The Boston Marathon has encountered lots of issues and controversies through the years, unfortunately including the Boston Marathon 2013 bombing, but did you know that women were not allowed to run in this race until 1967? Women were barred from running the famed Boston Marathon for over 70 years!

History tells us that women were generally excluded from participating in sports, and this includes running the Boston Marathon. However, a woman named Kathrine Switzer made the first attempt to run over this barrier and succeeded. Kathrine was a student from Syracuse University and she was only 20-years old when she registered for the Boston Marathon  using her initials K.V. Switzer. No one realized that she registered a woman and she was able to officially sign up for the race and was given a race entry number.

During the race, a marathon official (balding guy in the photos) realized that a lone woman was running the Boston Marathon among hordes of men. This official tried to stop Kathrine and physically forced her to run the marathon when he discovered K.V. was a female runner. Other runners including Kathrine’s boyfriend helped Kathrine continue running and blocked the official from stopping her. The lone female runner in the 1967 Boston Marathon made headlines around the world and proved that anything can be done in spite of hindrances.

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After running the Boston Marathon, Kathrine Switzer engaged in promoting sports participation among girls and women. With the help of other passionate women, the Boston Athletic Association  finally was convinced to drop their discrimination against women and allowed them to participate in the race in 1972.

Because of Kathrine’s dream and perseverance, the Boston Marathon opened its starting line to women, and by 2011, almost 43% of the Boston Marathon runners were female! Apart from the Boston Marathon, Kathrine Switzer also helped lead the drive to include women’s marathon in the Olympic Games which was achieved at the 1984 Summer Olympics in Los Angeles.

To know more about this trail-blazing woman read her biography, Marathon Woman: Running the Race to Revolutionize Women’s Sports by Switzer, Kathrine (2009)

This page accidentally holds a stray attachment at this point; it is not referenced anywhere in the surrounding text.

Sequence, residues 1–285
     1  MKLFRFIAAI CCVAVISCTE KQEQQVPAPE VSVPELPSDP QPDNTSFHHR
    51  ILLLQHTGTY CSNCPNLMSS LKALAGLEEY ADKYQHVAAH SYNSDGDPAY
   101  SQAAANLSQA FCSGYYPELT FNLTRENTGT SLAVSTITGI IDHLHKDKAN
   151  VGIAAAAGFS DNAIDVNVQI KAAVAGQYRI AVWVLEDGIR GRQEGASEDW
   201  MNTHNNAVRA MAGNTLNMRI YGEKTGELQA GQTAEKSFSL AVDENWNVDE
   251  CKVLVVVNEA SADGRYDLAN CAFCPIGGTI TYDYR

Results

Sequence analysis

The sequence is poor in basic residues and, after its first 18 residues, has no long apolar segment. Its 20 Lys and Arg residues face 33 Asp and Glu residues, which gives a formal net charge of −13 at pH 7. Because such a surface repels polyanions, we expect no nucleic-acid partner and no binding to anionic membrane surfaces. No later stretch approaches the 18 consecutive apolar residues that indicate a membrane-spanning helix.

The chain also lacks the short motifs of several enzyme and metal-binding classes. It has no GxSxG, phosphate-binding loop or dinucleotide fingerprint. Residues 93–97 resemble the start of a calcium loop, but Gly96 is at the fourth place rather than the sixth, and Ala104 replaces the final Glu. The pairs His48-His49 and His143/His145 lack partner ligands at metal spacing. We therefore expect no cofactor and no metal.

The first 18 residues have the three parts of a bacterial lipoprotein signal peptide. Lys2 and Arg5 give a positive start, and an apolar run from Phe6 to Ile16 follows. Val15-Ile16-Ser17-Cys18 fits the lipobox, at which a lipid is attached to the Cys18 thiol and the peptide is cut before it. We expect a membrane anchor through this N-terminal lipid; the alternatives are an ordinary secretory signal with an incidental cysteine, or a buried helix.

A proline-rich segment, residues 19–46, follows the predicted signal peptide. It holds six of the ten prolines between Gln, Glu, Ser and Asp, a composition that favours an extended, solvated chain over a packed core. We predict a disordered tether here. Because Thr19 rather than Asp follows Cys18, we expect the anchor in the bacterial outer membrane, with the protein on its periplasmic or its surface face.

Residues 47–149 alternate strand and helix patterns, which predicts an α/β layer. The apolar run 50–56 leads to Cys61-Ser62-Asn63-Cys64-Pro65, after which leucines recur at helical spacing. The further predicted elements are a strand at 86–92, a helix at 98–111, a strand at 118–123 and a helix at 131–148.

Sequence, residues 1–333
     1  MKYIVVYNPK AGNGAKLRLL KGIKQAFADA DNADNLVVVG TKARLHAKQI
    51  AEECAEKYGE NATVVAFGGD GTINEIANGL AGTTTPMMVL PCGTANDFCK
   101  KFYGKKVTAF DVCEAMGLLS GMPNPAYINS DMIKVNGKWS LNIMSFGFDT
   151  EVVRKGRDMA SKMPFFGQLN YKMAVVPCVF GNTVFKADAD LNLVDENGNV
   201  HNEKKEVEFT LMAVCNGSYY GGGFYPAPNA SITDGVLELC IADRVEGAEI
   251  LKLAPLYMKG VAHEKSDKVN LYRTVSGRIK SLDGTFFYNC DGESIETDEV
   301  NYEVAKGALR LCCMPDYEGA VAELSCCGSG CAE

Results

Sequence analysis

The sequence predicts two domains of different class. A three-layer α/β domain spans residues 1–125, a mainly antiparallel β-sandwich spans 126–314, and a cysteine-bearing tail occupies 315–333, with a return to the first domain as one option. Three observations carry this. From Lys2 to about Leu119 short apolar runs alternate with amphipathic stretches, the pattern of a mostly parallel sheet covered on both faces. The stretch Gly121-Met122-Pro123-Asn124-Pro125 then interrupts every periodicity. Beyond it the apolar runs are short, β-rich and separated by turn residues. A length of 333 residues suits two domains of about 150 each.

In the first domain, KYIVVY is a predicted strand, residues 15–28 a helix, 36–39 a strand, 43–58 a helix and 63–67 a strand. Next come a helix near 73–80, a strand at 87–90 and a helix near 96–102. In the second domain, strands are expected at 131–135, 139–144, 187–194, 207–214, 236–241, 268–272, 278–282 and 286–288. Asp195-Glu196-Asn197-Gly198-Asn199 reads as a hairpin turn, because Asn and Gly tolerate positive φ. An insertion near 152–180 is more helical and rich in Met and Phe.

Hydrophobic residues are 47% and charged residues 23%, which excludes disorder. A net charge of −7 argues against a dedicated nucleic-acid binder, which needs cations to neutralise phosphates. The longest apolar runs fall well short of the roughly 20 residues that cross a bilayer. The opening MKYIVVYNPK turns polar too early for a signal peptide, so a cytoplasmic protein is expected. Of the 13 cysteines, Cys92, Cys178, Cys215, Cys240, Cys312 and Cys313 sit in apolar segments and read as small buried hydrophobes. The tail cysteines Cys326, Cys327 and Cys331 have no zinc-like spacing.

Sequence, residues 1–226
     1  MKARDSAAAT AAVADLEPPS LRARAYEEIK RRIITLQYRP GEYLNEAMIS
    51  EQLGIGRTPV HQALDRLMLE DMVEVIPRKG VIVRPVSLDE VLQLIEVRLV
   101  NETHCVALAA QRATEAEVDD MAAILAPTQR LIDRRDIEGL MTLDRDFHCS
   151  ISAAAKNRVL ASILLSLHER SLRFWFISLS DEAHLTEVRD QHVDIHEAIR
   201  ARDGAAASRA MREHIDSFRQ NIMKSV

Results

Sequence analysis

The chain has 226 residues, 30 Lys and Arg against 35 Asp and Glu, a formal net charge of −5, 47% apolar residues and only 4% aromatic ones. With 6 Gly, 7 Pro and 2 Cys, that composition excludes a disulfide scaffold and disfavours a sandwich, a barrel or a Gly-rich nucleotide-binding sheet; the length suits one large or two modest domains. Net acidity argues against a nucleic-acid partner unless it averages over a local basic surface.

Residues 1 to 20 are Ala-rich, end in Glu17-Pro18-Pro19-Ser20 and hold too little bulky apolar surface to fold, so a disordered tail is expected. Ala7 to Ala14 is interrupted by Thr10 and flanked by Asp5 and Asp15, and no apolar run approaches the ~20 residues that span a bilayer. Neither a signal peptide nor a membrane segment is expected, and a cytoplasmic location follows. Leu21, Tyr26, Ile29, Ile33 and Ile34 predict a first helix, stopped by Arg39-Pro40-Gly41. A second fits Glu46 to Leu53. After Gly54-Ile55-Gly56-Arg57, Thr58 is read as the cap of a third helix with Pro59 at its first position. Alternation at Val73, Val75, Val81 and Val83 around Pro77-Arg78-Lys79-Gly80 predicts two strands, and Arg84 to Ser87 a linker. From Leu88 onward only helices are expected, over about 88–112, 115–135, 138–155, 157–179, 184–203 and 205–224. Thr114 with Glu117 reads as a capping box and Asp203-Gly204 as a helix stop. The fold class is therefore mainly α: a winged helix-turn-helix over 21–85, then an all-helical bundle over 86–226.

Kathrine also has a book entitled Running and Walking for Women Over 40 : The Road to Sanity and Vanity by Switzer, Kathrine [1998] which is very inspiring for people over this age. It’s never too late to run!

Also check out 26.2 Marathon Stories written by Kathrine Switzer and Roger Robinson, an elite international runner for thirty years (1966-1995)!

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Continuation from my post “Common Running Injuries and Ailments, Treatment and Prevention (Part 1)”

6.) Muscle Pull/Muscle Strain

Muscle pulls can occur to your hamstrings (back of thigh), quadriceps (front of thigh), gastrocnemius (calves), or adductors (groin muscle/inside of thighs). A muscle pull is a small tear on a muscle that is caused by overstretching. Pulling a muscle sometimes produces a popping sensation when the muscle tears. It is an acute injury that can be very painful upon onset.

How to treat muscle pulls: Like any other acute injury, stop from your activity and rest. Immediately put ice on the muscle for 10 to 20 minutes, until the swelling has lessened. Seek medical attention to determine how much your muscle is damaged. For muscle pulls, you need to undergo physiotherapy treatments so that your muscles will heal properly. If you just let the injury pass, the fibers in your muscles will develop scar tissues which may hinder movement or increase risk for future injuries.

How to prevent muscle pulls: Muscle pulls happen on shocked muscles either because they are not properly warmed up or because you made your muscles do something heavy that they have not done before, or both. Make sure that your body especially your legs are warmed up properly before you run. Warm up for 5 to 10 minutes, doing both metabolic movements to facilitate blood flow to working muscles and dynamic stretching.

Read about the difference between “Chronic” and “Acute” Injury here.

7.) Runner’s Knee/Patellofemoral Pain Syndrome (PFPS)

Patellofemoral Pain Syndrome or PFPS is obviously a common injury to runners that its layman’s term is called “runner’s knee.” However, this may happen to other athletes as well. Runners knee occurs when the kneecap is out of alignment and stress is continuously placed on this misaligned joint. It is a chronic injury that results from wearing down of knee cartilage. Runners knee or PFPS can be recognized with pain around the kneecap when going up or down stairs, squatting, or sitting with knee bent for a long time. Some people may be more susceptible tight to this injury because of their anatomical structure (flat feet or misaligned knees turning inward), but tight and under-developed hamstrings and quadriceps are usually the main culprits.

How to treat Runners Knee or PFPS: Runners knee is an injury that will heal given its own time. But this doesn’t mean that you can run it off. Take an appropriate time to rest and avoid putting weight on your knees. While resting, you can do cross-training such as cycling or swimming to relieve your knees of the stressful loads of running and strengthen the muscles around them. Put ice around the area of your knee if you experience swelling, for 10 to 20 minutes every other day or until the swelling is gone.

How to prevent Runners Knee or PFPS: Your knees will thank you for doing resistance exercises. Do other activities apart from running like Pilates. Have your feet and knees checked – wear orthotics for your feet if you are flat footed. You can also wear a fitting knee support if pain comes back after treatment. Be strict about increasing your mileage to 10% per week. Run on level roads and limit your downhill or uphill runs.

Read about “How to Stretch” here.

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8.) Iliotibial Band Syndrome/IT Band Syndrome